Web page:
It’s less than a year since elections in the Palestinian territories handed a decisive victory to Hamas. But Palestinian president Mahmoud Abbas, whose Fatah movement was defeated, now wants to dissolve parliament and call fresh elections. Hamas is crying foul, and has said it will boycott any early election.

Anywhere else, this would be regarded as a crisis for democracy. But the supposed friends of democracy are on Abbas’s side: Tony Blair, currently visiting the region, endorsed the move, which has also won support in Washington.

The Hamas government has been crippled by financial sanctions applied by Israel and Western governments, and its relations with Fatah have degenerated into repeated violence in recent weeks, although a ceasefire between them was agreed on Sunday evening.

Hamas’s problem is its failure to recognise Israel – a step which, understandably enough, it expects should be the outcome of negotiations, rather than something to be given away at the start. But its decision to participate in last January’s election was an implicit commitment to the path of negotiations rather than violence.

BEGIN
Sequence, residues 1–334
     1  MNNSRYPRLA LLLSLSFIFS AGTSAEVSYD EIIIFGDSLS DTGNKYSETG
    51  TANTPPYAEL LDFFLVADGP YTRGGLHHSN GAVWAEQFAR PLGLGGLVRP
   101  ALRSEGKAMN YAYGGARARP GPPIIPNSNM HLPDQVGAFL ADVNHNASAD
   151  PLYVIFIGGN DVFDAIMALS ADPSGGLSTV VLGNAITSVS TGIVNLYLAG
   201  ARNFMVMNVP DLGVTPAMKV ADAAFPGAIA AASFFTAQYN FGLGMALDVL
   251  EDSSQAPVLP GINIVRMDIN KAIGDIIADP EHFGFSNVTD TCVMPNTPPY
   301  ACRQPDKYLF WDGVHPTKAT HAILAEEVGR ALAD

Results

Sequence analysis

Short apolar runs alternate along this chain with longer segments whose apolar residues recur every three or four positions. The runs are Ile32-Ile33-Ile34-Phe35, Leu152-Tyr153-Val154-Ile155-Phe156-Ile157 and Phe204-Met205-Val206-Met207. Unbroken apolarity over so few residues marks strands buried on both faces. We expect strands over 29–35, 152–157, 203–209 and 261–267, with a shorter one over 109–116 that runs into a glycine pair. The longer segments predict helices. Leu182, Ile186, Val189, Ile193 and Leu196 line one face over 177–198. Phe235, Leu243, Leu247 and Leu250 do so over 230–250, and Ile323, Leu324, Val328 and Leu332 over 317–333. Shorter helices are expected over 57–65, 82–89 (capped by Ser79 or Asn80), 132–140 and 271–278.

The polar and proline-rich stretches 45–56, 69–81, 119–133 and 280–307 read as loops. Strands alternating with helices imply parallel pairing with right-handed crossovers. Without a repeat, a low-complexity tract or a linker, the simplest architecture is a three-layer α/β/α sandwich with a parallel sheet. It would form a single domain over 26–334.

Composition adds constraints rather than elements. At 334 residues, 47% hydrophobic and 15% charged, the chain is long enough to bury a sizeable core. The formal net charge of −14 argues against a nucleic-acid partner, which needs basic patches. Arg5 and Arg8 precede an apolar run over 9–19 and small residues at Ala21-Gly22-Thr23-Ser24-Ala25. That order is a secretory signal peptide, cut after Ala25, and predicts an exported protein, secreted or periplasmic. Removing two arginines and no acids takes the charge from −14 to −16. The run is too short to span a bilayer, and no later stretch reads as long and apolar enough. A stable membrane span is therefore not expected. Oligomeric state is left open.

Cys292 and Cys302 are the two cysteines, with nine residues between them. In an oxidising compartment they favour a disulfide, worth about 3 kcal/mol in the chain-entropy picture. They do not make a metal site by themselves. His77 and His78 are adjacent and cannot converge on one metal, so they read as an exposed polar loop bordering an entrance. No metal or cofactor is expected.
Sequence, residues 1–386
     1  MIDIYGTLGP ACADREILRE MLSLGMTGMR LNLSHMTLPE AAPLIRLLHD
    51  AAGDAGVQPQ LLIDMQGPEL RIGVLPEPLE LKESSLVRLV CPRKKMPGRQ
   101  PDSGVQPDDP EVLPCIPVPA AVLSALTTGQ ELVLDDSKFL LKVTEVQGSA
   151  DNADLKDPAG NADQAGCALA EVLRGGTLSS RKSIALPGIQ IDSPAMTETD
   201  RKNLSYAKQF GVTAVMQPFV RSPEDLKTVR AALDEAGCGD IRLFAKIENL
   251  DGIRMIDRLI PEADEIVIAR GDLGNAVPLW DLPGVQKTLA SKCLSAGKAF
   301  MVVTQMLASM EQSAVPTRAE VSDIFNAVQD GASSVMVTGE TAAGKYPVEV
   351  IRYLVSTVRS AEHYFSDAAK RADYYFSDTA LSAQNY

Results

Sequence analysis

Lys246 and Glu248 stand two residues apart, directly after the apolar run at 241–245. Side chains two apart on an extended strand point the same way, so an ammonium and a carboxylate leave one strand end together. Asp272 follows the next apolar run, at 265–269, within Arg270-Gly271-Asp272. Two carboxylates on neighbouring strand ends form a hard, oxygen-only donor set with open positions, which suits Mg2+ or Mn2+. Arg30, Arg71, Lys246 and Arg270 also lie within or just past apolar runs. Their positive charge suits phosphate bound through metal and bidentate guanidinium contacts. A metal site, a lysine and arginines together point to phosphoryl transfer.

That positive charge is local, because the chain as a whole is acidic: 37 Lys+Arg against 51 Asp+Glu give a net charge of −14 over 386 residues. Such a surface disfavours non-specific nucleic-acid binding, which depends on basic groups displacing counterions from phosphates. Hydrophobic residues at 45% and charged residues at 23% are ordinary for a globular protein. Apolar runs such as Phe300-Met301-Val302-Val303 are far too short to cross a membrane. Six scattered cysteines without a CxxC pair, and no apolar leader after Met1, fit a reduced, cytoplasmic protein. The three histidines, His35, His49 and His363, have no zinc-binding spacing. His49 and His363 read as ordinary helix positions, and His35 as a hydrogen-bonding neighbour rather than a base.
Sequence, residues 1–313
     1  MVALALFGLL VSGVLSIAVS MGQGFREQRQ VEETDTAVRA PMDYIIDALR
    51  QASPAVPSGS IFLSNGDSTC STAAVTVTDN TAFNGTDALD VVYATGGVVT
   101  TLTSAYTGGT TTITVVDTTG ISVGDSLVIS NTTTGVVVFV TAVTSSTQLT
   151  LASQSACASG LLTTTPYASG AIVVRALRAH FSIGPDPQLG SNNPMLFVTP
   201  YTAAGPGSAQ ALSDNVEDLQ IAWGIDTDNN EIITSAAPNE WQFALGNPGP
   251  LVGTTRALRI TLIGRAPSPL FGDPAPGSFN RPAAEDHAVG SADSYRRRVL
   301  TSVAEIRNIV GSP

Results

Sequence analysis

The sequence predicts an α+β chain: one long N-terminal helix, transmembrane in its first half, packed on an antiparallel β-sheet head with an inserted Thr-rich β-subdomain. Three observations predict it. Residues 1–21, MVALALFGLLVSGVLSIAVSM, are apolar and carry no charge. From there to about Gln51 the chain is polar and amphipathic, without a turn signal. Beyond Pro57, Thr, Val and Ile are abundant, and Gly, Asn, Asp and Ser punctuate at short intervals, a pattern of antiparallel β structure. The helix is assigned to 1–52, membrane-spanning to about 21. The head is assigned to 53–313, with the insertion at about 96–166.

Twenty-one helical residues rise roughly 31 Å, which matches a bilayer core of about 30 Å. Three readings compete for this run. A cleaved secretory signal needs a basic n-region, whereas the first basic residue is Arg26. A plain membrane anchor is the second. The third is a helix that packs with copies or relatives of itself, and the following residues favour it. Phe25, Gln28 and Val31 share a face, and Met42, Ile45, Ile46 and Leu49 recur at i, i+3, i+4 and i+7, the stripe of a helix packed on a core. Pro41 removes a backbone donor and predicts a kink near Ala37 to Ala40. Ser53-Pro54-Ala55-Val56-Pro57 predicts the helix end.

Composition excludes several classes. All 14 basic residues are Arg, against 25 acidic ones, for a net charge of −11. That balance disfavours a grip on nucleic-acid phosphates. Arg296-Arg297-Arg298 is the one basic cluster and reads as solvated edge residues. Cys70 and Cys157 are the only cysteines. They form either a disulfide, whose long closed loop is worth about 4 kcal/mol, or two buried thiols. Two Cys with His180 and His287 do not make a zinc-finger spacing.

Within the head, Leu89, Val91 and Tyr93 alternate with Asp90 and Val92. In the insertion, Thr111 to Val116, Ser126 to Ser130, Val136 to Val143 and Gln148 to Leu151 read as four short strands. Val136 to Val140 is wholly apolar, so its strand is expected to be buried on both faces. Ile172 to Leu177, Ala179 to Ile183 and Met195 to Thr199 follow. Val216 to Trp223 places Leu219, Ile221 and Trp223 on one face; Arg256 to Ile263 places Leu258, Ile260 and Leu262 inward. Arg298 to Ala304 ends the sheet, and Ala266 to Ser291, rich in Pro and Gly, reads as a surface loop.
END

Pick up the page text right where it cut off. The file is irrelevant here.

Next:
Now, even as there is unprecedented recognition that peace between Israel and the Palestinians is fundamental to the future of the region, that major step forward is being undone.

The reaction to its victory has taught Hamas that Western support for democracy is selective, and that electoral participation brings it no benefits. If as a result it boycotts new elections, the Palestinian territory will return to the old model of an effective one-party state, with Fatah lacking any democratic legitimacy and Hamas lacking any incentive for restraint in its campaign against the occupation.

The policy of isolating Hamas has been tried and failed. Perhaps it’s time to try something different.

The Australian yesterday editorialised that “Mr Abbas must find a way to force the two major groups to accept that the ballot box, not bullets, decides who rules.” But the even harder task will be to secure that acceptance from the rest of the world.

Peter Fray

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